Today, 40% of adults under age 40 have at least one tattoo and more are getting them everyday. That has made tattooing big business on the beach, resulting in multi month waits for tattoos.
If you walk in to Electroluxe Tattoo today and request artist Crystal Hayes expect to wait until November before she can fit you into her busy schedule. Crystal has clients who fly in from as far as Spain and next month, she is being flown to San Diego by a client who wants work done. Her popularity comes from 12 years experience and in that time, she has seen a big change in the tattoo culture.
"Well when I first began it was more like the bikers and now its anybody. I tattoo doctors and you know people you wouldn’t expect. Pastors, I’ve tattoo pastors and preachers and stuff," said Crystal Hayes.
Award winning Panama City Plastic Surgeon Dr. Adil Ceydil is one of those people you wouldn't expect.
"I've established myself as a plastic surgeon. I don’t think it offends any of my patients, if anything they are interested and they admire it. Some of my colleagues’ still, when they see me with my scrubs they will try to pull them down to cover it like they think that is is something bad. I'm on the opposite end; I’m trying to wear shorter sleeves because I’m proud of my tattoo."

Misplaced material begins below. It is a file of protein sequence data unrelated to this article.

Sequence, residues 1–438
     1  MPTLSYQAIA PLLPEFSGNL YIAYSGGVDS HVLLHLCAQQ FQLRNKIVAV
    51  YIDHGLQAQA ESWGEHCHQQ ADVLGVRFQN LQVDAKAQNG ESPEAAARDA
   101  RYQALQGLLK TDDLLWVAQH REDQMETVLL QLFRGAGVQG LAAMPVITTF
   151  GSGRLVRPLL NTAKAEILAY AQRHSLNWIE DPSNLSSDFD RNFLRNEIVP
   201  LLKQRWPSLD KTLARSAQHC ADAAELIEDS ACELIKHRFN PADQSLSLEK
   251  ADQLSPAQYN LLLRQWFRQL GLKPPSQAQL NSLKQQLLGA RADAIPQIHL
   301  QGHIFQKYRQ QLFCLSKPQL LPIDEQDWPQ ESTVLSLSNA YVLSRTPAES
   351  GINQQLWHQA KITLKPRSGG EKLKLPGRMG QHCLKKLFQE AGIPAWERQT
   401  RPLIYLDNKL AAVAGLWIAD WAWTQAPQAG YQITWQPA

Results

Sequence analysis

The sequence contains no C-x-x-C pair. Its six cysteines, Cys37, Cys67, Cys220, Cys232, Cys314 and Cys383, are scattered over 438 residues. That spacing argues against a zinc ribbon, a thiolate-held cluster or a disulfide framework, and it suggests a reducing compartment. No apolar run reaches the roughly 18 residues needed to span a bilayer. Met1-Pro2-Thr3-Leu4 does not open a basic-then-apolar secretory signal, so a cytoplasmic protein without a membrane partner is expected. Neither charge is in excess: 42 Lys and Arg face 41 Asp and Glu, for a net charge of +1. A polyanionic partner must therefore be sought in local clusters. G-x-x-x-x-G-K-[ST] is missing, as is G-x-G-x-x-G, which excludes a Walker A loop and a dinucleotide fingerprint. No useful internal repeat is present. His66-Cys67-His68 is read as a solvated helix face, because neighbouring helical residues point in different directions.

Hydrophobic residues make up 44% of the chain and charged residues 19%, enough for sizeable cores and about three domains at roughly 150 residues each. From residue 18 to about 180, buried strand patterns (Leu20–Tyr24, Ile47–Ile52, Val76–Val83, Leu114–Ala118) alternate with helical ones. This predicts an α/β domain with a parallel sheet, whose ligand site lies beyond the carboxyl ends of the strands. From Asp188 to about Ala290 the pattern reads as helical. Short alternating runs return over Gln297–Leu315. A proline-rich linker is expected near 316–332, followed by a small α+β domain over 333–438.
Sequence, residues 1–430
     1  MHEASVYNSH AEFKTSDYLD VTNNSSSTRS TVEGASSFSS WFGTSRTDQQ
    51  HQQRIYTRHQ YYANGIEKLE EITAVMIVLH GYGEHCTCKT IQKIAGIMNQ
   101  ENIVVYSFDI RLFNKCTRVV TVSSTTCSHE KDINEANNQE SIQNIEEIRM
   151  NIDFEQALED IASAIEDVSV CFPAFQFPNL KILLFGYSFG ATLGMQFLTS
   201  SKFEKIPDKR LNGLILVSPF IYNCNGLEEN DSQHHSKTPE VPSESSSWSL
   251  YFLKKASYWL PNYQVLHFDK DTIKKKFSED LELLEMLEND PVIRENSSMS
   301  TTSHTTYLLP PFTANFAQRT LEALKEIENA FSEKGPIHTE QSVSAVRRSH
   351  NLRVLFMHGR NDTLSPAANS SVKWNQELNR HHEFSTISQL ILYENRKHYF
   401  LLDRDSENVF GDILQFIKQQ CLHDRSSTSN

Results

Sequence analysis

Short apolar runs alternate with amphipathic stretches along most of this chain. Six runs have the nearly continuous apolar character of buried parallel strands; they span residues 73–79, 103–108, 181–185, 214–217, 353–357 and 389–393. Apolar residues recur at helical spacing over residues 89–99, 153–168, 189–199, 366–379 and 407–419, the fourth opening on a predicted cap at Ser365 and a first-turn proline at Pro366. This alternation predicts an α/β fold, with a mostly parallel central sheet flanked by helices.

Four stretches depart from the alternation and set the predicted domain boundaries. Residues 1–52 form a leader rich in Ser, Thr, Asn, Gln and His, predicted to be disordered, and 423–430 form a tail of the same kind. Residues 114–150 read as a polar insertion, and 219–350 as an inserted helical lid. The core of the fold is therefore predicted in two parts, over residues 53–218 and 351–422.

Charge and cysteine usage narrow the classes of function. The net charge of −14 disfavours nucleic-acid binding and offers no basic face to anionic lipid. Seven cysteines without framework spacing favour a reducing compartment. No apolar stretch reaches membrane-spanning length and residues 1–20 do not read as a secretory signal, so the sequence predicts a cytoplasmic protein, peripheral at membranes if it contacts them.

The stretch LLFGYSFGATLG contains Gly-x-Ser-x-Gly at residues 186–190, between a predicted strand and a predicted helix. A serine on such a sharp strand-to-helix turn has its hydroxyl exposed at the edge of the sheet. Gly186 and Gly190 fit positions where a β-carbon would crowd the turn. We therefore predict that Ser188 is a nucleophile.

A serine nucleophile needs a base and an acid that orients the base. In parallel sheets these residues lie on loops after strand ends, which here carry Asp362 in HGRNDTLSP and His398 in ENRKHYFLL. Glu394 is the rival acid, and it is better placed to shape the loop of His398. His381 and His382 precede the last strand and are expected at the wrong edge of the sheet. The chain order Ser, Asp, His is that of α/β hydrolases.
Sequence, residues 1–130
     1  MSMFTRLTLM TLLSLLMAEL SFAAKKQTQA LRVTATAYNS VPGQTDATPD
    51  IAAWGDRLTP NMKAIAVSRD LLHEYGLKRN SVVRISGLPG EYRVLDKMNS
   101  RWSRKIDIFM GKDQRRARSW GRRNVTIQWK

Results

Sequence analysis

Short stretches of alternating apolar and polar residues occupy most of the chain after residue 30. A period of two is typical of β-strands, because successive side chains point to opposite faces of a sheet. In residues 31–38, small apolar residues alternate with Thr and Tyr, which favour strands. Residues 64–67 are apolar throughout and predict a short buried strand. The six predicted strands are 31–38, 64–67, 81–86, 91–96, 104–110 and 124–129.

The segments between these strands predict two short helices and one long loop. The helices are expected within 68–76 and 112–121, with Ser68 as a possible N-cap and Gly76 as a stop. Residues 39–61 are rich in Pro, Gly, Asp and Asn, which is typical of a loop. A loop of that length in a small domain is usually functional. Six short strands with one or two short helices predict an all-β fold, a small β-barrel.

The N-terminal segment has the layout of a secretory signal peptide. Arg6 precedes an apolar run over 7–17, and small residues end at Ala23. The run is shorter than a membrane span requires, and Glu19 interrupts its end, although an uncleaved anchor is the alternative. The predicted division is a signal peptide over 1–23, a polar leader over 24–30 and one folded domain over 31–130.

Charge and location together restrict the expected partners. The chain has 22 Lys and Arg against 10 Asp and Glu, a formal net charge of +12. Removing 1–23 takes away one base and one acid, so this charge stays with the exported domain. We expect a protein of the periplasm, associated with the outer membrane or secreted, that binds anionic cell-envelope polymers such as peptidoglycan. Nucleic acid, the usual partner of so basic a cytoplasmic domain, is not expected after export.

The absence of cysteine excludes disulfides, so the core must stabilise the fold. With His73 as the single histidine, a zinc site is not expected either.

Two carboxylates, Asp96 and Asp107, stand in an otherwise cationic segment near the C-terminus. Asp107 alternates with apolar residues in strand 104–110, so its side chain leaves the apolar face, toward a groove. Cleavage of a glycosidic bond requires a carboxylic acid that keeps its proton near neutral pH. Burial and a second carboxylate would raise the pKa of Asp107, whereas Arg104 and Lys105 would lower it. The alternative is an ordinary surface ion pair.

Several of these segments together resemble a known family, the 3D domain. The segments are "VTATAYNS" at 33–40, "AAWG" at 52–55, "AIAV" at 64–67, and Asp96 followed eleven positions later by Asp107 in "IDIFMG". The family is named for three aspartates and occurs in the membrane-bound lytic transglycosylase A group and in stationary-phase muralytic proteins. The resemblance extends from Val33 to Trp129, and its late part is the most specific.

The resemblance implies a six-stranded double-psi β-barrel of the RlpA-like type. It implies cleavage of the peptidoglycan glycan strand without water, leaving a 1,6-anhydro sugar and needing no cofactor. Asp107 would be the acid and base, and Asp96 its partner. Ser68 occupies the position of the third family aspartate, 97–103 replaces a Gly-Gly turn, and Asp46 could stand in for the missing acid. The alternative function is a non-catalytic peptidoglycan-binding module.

However, tattoos still have a negative image to many. Job coaches at the workforce center, a not for profit that connects job seekers with employers, say tattoos can be the reason you don't get the job.
"If you have them on your arms, obviously if you wear a short sleeve shirt they are going to show. So if you are going into an interview or any kind of professional setting, we suggest you try to hide them the best way possible," said Amanda Dawn.
Electroluxe owner Steve Thomas says his tattoos have cost him jobs in the past. So, he decided to open his own studio-- however, even that was met with obstacles.
"There are a lot of ordinances about tattoo studios that classify them as adult entertainment so the places the business could have been located are very very slim," said Thomas.
In the end, his shop has been a huge success and with tattoos becoming more popular, Thomas thinks that success will continue to snowball.
"85 year old grandma's are coming in here to get there first tattoos, soccer moms are bringing the kids in here, and more and more people are taking the time to talk to these people, and realize that behind the tattoos are really great people."
Crystal Hayes originally set out to be an architect but gave up on that dream when she found she enjoyed her college job of tattooing more. She says it was right decision.